It would be very easy to say the Styles record was superior and call it a day – after all, it’s flashy. It’s interesting. It was well written, well performed, and well produced – and it is inescapable. That makes it the easy answer. But as with so many things in life, I’m not convinced that the easy answer is necessarily the right one.
On this week’s episode of Encore I am joined by special guest Thomas Nassiff to talk about one of our favorite topics: Star Wars. This episode is full of spoilers all about Star Wars: The Last Jedi, so I would highly recommend you see the movie before listening. We give our thoughts on the film, break down favorite and least favorite scenes, and talk about catching up with favorite characters, both old and new. Also porgs.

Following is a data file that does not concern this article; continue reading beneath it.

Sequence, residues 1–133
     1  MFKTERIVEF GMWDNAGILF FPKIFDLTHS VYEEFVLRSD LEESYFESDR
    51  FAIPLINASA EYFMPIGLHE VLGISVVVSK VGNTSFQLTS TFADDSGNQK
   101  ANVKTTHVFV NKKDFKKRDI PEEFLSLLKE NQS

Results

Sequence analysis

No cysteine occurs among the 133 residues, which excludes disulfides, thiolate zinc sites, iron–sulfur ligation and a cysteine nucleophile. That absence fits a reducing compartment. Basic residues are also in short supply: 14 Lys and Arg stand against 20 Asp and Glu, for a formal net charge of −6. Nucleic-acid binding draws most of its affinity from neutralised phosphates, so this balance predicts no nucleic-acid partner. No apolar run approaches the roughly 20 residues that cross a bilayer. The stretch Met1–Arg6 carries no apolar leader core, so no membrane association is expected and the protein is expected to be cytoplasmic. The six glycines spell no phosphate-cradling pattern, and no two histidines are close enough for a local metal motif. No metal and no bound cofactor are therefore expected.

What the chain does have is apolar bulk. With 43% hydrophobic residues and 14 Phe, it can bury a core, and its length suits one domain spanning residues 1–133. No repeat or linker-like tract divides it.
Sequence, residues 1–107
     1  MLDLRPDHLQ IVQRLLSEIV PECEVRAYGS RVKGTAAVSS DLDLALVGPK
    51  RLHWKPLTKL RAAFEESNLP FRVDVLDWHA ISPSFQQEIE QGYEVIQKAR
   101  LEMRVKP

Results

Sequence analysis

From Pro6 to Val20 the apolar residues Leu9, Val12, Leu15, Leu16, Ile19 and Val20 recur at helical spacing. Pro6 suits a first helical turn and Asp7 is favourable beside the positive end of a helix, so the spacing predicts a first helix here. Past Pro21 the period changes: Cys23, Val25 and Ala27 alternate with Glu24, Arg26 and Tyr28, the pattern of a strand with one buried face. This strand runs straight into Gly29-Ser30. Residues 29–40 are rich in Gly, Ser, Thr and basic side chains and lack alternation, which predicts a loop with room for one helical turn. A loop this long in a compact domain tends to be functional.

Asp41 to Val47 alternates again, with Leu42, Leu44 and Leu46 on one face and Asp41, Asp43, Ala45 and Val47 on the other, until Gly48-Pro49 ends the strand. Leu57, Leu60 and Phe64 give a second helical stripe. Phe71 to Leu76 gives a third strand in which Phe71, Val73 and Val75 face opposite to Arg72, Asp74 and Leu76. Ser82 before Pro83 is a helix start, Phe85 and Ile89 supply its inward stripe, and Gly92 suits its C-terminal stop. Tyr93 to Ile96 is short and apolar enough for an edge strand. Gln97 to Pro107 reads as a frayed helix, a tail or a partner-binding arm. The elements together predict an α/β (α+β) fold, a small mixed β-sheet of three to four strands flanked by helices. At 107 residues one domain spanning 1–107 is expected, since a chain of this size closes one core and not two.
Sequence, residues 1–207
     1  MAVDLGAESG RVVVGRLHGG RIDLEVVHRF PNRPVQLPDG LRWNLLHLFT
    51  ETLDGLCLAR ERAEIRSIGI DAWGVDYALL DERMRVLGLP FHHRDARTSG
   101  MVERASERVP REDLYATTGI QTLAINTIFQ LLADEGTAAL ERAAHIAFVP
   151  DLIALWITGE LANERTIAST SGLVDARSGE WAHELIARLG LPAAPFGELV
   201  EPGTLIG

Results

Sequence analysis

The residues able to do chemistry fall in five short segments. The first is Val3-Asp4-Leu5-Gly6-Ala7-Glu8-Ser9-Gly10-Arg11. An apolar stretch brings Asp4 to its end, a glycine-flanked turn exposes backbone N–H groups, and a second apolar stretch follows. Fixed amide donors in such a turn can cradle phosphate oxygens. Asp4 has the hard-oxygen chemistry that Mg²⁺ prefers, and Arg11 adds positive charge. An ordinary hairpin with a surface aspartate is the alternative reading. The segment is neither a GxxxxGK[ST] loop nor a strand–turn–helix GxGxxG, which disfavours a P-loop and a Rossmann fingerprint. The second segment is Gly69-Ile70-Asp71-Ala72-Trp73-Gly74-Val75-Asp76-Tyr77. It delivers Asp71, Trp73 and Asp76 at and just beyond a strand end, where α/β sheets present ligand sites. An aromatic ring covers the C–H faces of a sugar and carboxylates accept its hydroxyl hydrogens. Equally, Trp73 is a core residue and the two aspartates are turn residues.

I wanted to get this episode out before the holiday weekend so you’d have something to listen to while visiting family and friends. I hope everyone has a wonderful holiday and a Merry Christmas, thank you to everyone who reads and supports this website on a daily basis. I truly appreciate it.
It’s fitting that on release week for Star Wars: The Last Jedi I can bring the Dark Side to the main website. One of my favorite supporter perks in the forum has been Dark Mode — a dark slate colored theme — and I’m excited to be able to bring this color palette to the main website as well. I love our white, grey, and blue color scheme, but at night I almost always switch over to the dark theme while browsing the website on my phone. However, I’d often move over to the main site to read an article and the white contrast would be a rude awakening for my eyes. No more! Supporters can now activate Dark Mode on the main website via their supporter options page or in the forum preferences. If you’re not a supporter yet, join now to get Dark Mode.